We focused not only in the individual characterization of molecular systems but as well in the development of new and crucial methodologies to tackle specific problems in the area of structural computational biology. In the past we have developed a new methodological approach to calculate the binding free energy upon alanine mutation of residues at a protein-protein interface – compASM (Computational Alanine Scanning Mutagenesis). It has been applied since then very successfully to interfaces in a variety of systems (e.g. MDM2/P53, HEL/antibody FvD1.3, HEL/HyHEL-10, ZipA/FtsZ, IgG1/Streptococcal Protein G) allowing to highlight key features of complex formation. We compared our approach against Thermodynamic Integration (TI), and our results demonstrated that the much faster compASM protocol gives results at the same level of accuracy as the TI method, but at a fraction of the computational time required to run TI. We have also studied in detail the physio-chemical characteristics of the aromatic residues due to their high prevalence as HS at protein-protein interfaces. A new VMD plugin was built and is now available for the scientific community (CompASM). Several Solvent Accessible Surface Area (SASA) features were measured and their role in the determination of the binding Hot-Spots statistically evaluated. The combination of these features was also analyzed by a support vector machine learning (SVM) algorithm, which led to an accurate new model for predicting these crucial residues: SBHD (SASA-Based Hot-Spot Detection). More recently we launched a new web-server to predict HS with a very high accuracy and specificity (SPOTON).
We are also working in PPIs involving G-Protein Coupled Receptors (GPCRs). In our previous research we have contributed to the discovery of asymmetrical signaling through GPCR dimers and determined models for oligomeric GPCRs assemblies, produced comprehensive classifications of GPCR/G-protein interfaces that determine subtype selectivity, identified functionally critical region on arrestin structure that can be targeted with drugs or chemical tools for functional modulation and produced computational protocols to study GPCR function and mechanism. Based on this experience and the unprecedented progress in the determination of detailed molecular structures of GPCRs, G-proteins, and members of the Arr family, we are now involved in work that aims to illuminate the molecular mechanisms of signaling selectivity with powerful computational methods by exploring the dynamic properties of the complex systems in their natural environment. Moreover, the specific focus on catecholamine-binding GPCRs, and in particular the dopamine receptor type 2 (DR2) is poised to bring new understanding about a physiologically and pharmacologically important class of drug targets. The mechanistic and structural details that underlie DR2 mode of function are unknown, both at the receptor level and with regard to the functional selectivity between the two major binding partners (G-protein and Arr-s). We are working to decipher the structural and dynamic determinants of this receptor with well-established physiological roles in a variety of cognitive emotional and motor functions.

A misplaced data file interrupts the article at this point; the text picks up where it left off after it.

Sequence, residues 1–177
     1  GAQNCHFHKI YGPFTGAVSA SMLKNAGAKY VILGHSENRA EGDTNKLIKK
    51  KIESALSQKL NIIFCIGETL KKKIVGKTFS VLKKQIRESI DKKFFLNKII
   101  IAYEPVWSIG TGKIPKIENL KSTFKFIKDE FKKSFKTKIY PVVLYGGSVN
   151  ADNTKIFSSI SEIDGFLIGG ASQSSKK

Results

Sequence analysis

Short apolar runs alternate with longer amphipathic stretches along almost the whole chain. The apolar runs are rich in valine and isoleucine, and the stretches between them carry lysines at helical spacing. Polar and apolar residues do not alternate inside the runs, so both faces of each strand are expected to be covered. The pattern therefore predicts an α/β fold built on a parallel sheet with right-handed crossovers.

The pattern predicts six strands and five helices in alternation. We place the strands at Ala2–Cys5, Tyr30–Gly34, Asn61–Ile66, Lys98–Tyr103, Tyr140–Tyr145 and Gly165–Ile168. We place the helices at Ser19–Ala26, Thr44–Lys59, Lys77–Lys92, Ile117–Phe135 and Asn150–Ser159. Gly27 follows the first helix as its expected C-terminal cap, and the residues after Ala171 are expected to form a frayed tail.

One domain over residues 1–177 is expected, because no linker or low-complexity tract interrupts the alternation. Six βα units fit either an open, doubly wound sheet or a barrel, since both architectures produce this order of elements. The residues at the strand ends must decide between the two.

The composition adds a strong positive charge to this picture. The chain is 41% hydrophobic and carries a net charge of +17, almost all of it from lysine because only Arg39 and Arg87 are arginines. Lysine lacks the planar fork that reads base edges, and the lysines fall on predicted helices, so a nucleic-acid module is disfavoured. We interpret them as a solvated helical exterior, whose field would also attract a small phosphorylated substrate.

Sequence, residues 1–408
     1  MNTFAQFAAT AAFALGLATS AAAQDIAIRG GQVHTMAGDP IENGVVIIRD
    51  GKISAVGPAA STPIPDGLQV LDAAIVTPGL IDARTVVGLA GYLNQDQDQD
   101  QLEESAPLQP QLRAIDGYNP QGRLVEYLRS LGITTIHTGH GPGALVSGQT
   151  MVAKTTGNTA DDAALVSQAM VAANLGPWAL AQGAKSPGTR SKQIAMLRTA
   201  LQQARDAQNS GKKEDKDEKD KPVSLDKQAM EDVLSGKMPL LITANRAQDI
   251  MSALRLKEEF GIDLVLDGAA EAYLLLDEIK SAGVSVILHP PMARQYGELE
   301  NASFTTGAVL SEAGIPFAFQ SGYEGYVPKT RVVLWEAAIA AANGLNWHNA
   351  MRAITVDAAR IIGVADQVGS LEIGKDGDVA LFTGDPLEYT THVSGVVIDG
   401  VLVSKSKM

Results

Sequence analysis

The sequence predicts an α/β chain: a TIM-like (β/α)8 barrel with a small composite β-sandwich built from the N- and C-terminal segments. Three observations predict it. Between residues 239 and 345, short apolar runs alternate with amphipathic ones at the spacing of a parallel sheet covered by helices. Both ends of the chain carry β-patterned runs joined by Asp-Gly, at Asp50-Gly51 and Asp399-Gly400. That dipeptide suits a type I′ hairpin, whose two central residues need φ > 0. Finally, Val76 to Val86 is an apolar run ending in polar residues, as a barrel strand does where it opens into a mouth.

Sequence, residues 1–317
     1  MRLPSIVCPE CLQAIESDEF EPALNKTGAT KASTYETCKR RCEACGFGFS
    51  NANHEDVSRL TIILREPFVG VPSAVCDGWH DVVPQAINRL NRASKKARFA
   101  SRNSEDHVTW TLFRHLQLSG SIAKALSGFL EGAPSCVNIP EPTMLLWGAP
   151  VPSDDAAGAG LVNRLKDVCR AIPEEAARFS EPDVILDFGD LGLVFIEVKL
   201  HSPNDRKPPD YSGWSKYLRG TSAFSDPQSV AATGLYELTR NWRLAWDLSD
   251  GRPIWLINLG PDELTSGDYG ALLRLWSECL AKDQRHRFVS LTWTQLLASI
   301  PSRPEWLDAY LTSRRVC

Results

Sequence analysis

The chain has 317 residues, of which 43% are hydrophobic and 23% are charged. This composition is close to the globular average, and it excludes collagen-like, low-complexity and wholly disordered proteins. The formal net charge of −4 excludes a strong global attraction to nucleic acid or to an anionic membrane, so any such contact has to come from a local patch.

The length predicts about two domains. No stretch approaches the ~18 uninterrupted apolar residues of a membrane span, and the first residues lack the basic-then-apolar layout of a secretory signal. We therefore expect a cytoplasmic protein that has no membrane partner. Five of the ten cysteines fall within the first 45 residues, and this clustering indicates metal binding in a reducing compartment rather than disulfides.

In the area of protein-small ligand interactions, we have been working on various systems: the PICK1 PDZ domain; the nitric oxide synthase isoforms; the TEM family of β-lactamases; the nicotinamide phosphoribosyltransferases and nicotinamidases; and the Dopamine 2 Receptor. All these studies result from an interchange of ideas with experimental groups with as a final goal the production of better and more specific small-molecules.